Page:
Carr argues that all the clutter and distraction of the internet is making it hard for us to concentrate for long enough on a single task (like reading text) for us to absorb it enough to ensure that it passes from being mere information to proper knowledge. His question is whether all the mucking about clicking links and checking mail is destroying our cognitive ability to gain knowledge.

And I agree with him. To a certain extent. I don’t think it is a social phenomena that we have to be a the mercy of though. The internet has good and bad, and if you can’t take the good and leave out the bad it reflects badly on you, and maybe you do deserve to become stupider than you are. Turn off your email, turn off your PC, go read a book. Try and read a book which disses the internet, like this one.

Zombie Apocaplypse: Closer than you think

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WARWAR by Sebastian Junger
My rating: 3 of 5 stars

Junger’s ‘war’ is more ‘battle’ than war since he only talks about the situation of a platoon of soldiers stuck in a remote valley in Afghanistan who are apparently unaware of the sweeping developments in the bigger picture of war.

His soldiers are fighting machines, equipped with the brawn and the intelligence necessary to cope with an environment of severe and unpredictable gunfights interspersed with long periods of boredom. The ones with the bloodlust survive.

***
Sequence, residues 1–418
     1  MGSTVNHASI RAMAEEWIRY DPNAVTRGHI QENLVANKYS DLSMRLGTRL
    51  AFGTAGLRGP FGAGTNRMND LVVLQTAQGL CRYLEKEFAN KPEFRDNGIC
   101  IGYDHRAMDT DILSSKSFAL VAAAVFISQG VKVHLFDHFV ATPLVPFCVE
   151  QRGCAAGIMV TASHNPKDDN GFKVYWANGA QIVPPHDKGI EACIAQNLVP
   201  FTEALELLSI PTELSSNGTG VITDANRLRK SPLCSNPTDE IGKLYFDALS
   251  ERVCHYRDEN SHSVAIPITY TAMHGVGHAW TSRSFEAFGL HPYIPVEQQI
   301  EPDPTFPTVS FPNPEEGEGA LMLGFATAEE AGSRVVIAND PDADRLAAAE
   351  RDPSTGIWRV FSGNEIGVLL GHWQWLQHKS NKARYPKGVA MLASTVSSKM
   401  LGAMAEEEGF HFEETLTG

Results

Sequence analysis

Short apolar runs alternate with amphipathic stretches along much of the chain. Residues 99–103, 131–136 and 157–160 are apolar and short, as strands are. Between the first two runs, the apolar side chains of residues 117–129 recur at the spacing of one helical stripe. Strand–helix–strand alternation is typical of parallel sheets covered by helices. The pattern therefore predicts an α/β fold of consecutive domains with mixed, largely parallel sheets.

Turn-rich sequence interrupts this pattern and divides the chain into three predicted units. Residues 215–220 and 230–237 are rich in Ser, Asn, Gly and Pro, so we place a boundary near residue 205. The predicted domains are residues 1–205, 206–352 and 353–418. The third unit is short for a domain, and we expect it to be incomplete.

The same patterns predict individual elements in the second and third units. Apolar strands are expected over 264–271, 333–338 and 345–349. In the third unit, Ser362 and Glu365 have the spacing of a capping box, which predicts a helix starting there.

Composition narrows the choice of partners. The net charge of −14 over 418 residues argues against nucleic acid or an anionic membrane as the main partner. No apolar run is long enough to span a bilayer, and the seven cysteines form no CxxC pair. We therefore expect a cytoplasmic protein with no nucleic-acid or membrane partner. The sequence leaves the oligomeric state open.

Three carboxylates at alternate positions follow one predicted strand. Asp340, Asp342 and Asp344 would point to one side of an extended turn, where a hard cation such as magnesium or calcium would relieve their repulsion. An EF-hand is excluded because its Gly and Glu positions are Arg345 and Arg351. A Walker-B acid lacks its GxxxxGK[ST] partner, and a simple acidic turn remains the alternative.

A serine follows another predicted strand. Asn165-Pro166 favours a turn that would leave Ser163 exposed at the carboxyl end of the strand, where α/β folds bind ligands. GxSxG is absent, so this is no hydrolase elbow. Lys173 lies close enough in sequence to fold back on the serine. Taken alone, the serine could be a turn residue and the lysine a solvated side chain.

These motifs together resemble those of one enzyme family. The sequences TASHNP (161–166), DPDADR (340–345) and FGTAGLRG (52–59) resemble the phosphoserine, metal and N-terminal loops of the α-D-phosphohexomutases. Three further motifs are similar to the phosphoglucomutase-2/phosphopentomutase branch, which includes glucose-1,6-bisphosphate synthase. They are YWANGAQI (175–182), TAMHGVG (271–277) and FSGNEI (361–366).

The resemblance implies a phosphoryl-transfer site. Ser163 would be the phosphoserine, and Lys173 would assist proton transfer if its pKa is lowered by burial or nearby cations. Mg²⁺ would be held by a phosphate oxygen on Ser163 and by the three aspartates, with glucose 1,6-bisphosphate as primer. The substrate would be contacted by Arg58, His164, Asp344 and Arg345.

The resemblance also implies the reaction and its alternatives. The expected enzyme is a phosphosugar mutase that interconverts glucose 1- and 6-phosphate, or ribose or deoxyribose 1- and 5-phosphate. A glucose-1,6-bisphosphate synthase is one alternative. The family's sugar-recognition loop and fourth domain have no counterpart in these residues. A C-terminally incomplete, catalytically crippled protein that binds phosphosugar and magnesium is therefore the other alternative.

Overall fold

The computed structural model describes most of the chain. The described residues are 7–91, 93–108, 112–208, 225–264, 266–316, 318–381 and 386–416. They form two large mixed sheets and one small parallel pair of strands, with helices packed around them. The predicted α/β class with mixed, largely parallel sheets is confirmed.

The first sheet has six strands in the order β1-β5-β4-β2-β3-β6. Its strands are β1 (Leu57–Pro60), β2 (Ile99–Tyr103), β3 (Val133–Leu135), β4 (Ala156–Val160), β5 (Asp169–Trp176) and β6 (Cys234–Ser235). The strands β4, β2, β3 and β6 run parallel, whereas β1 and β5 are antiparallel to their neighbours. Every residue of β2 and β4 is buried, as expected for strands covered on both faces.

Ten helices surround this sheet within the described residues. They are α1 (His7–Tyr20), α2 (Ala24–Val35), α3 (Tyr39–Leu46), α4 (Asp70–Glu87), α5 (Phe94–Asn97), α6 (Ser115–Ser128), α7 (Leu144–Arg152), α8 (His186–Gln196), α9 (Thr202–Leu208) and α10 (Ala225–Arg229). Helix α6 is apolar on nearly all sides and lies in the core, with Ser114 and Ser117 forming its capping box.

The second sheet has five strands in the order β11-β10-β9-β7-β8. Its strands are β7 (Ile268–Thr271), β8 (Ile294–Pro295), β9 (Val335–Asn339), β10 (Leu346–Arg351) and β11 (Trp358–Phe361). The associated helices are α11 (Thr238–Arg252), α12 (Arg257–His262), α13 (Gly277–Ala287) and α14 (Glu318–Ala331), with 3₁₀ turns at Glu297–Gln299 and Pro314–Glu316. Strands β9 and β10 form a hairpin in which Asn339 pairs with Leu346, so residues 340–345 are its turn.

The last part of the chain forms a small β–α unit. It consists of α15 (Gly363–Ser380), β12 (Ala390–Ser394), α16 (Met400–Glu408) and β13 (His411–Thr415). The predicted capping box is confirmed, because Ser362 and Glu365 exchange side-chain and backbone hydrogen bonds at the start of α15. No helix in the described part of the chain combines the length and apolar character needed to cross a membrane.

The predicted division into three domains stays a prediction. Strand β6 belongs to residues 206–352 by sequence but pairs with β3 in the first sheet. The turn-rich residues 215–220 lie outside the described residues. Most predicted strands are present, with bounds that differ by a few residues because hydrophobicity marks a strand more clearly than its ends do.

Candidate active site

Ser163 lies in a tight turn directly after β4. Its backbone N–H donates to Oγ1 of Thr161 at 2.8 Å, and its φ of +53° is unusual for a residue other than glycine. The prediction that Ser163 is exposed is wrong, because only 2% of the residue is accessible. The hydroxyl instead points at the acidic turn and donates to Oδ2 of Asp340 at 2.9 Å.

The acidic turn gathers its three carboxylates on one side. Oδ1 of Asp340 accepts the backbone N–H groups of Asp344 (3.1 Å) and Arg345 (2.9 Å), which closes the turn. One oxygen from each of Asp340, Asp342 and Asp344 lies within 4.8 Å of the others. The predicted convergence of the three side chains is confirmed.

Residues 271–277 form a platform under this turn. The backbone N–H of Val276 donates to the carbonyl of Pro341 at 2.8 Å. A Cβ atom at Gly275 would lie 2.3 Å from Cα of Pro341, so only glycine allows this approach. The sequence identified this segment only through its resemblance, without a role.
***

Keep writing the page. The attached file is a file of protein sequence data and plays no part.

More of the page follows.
His soldier is not a person ideologically aware of the reasons for the conflict, and fights the war for a reason completely different to what its government fights it for.

The soldier is a being who has ended up at the army for one of various reasons, and only few of them are born from a deep sense of patriotism. the word patriot, in fact, is barely mentioned in the whole book. They fight for their ‘bothers’ or platoonmates and sacrifice their lives not for the American cause but for the cause of saving the lives of their fellow soldiers.

War gives them the exhilaration and high they know they will never get from anywhere else whilst also slowly tearing them apart psychologically. I think the lack of a non superficial overriding cause to fight slowly tears them up on the inside. They question God, and everything else and ask why? but can’t answer the question when one of their ‘brothers’ die. It’s kill or be killed in the Korengal valley, nothing else matters. or barely even figures.